Transitional housing program helping to get veterans off the streets of LA

The homeless crisis in Los Angeles continues to grow. 

On this Veterans Day there are nearly 40,000 homeless vets in the country and about 10% are in LA County.

FOX 11’s Phil Shuman wanted to know what was working and what was helping to get people off the streets. Shuman spent the day with Volunteers of America Los Angeles, the local office of a nationwide social service agency under contract with the Veterans Administration.

That brought him to a home on a residential street in Koreatown, an old two-story Victorian home tucked in-between apartment buildings. It’s now considered “transitional housing’’ for vets and has a license for 40 beds.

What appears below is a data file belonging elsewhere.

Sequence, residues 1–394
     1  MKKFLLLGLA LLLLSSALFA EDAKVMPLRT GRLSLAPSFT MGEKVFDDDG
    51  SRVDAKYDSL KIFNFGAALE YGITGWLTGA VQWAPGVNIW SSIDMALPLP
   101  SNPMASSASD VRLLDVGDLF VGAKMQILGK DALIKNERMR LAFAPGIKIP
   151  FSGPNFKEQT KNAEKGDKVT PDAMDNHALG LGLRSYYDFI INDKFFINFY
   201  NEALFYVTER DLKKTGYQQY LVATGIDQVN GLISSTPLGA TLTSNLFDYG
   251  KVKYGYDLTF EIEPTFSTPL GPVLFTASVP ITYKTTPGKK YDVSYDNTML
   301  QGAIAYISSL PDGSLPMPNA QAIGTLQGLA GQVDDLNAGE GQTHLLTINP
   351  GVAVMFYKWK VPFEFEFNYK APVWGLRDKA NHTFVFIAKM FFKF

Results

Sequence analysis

Here, men like Chris and Sean, both SoCal vets who were in the Army, have spent years on the streets with financial, mental, physical, and family troubles. But here they get a chance to reset and rebuild. They were referred to transitional housing by the VA, they get room and board, of course, but also counselling, job placement help, medical assistance, and whatever they need.

They also get people to talk to who care about them, which sounds simple but is often taken for granted. Rebuilding a broken life is a long, slow process that ideally will end up with them in what’s referred to as “permanent supportive housing”.

Much has been made, and rightly so called “service resistant” people who prefer to live on the street, many in harsh conditions of squalor, for their own reasons, battling their own demons… but if you want help and reach out for it, it is there.